For those of you who know me well, you know that I dislike wearing shoes and am usually barefoot. In the summer, I’m happily walking around the office (and everywhere) barefoot and in the winter, just socks. Sadly, a few weeks ago I learned that my feet were not happy. I was having infrequent pain on the top of my right foot and given that we had a seven day backpacking trip coming up (in which we hike in barefoot shoes), I decided I’d better get it looked at.
I went to Tria Orthopedics. I was pleasantly surprised by my experience. My appointment was prompt, I was x-rayed almost upon arrival and then the PA came in and talked to be both before and after. He didn’t give me a hard time about being barefoot 99% of the time and just gave me guidelines to work within while I heal.
Oh, yeah. The sad part. I ended up having pre-stress fractures in BOTH of my feet. It means that while nothing is broken, the cells of the bones in my feet are flexing in a way that they shouldn’t be. Turns out that while my left foot wasn’t hurting, it hurt plenty when the PA manipulated it! Needless to say, our hiking trip has been postponed until August. (sad face) And my feet are in jail. The doc was nice enough not to make me wear two boots, but told me that I should wear a shoe plus boot most of the time.
I have to admit, it’s been really hard for me. I truly do not like the feeling of shoes. I actually really enjoy feeling the floor under my feet or the grass or the dirt… So, I give myself grass and floor time every so often.
And while it makes me sad/frustrated/angry at times, I’ve been paying quite a bit of attention to my attitude about it. Normally, I’d start quitting.
Backing up. I’ve been working with a trainer since last August doing weight lifting and cardio about 4-6 times per week. Running, of course, is my favorite form of cardio and also the one thing I can’t do in this season that is my favorite time to run. That aside, I’m also training for a physique show in April. So with this set back with my foot (feet), my normal first response would be to slowly quit. I’d start going fewer times, doing less strenuous workouts and then eventually just stop going to the gym entirely. I’ve repeated this pattern so many times in my life that I know how that goes.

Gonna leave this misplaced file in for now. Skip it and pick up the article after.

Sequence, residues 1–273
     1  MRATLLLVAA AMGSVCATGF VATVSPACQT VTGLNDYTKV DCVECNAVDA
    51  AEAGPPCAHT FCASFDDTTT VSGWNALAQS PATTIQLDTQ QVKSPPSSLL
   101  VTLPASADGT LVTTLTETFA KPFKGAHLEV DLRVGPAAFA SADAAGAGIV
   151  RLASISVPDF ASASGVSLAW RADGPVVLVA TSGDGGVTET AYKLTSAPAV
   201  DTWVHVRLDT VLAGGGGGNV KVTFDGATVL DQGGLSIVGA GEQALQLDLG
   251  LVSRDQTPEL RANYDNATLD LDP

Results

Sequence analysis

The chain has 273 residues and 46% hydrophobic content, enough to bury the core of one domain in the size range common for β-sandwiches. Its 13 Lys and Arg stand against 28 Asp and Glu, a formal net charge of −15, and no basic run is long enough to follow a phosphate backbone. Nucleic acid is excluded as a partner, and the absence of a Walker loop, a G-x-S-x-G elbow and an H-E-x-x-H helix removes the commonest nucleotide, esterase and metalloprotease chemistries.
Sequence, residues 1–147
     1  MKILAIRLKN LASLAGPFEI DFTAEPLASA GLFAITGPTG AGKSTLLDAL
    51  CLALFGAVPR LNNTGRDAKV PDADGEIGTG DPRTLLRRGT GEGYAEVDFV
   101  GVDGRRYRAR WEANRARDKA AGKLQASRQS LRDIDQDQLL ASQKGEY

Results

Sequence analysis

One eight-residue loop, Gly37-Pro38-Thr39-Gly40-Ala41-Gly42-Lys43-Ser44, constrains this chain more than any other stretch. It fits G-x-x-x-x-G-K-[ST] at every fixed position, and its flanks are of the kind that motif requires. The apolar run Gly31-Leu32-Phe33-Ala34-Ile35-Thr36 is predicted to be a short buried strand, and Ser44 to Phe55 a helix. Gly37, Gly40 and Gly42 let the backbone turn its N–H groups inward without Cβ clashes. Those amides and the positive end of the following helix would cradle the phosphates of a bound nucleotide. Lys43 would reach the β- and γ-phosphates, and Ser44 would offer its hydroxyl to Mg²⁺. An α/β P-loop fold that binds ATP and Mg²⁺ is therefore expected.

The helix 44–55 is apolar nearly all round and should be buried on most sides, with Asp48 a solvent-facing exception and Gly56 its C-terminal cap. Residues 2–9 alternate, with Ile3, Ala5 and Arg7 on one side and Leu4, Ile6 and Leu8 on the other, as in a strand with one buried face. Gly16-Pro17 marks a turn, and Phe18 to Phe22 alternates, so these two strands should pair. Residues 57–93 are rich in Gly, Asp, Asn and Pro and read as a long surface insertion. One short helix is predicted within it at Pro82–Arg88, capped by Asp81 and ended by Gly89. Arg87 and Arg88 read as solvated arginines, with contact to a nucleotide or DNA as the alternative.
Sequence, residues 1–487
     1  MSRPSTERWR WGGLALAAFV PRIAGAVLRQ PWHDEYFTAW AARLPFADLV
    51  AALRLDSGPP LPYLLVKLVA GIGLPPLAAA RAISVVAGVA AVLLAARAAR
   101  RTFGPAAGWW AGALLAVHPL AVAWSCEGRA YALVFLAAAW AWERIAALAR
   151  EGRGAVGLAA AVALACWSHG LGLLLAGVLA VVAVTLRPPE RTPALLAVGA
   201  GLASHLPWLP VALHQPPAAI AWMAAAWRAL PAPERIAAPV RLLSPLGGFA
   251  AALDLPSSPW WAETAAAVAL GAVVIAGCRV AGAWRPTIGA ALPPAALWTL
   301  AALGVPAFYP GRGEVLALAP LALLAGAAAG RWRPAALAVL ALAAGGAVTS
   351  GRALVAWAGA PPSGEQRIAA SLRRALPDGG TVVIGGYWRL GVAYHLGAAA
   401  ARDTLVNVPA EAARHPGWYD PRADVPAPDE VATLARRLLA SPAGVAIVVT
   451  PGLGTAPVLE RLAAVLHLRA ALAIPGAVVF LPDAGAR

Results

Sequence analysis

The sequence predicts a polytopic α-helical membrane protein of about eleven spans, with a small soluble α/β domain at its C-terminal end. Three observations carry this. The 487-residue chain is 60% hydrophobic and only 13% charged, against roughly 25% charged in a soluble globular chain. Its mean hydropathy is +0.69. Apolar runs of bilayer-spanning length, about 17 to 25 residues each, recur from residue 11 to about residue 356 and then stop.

But I haven’t. It’s been about three weeks since my visit to Tria. My workouts have been the same and so has my enthusiasm. So I’ve been curious. What’s different this time?
What I’ve come up with is that it’s not just one thing. It’s a lot of them. I’ve come to terms with the fact that since I do so many physical things, I’m going to have some set-backs. I also know that I’d rather be the person who does lots of things and sometimes has set-backs than quitting once again. It also helps that I see my trainer each week. He’s made all the difference. And when I told him my foot (feet) situation? He just modified my workouts to focus on other things. Easy as that.
I think there’s also a mental piece to it as well. I’m more ok with what is. Over the past weeks, I’ve come to terms with my situation, my inability to do certain things, and its ok. It wasn’t at first. I had to work through my disappointment at having to move our hiking trip. I had to accept that this was my reality and there was nothing I could do about it. And in that accepting, I found freedom. It is ok for me to take the time I need to heal. It is ok to not push myself. And it’s ok to wear my damn boot and get on with it. Summer is here! And rather than grumping around about all the things I CAN’T do, I’m going to celebrate the things I CAN.
In Love & Light,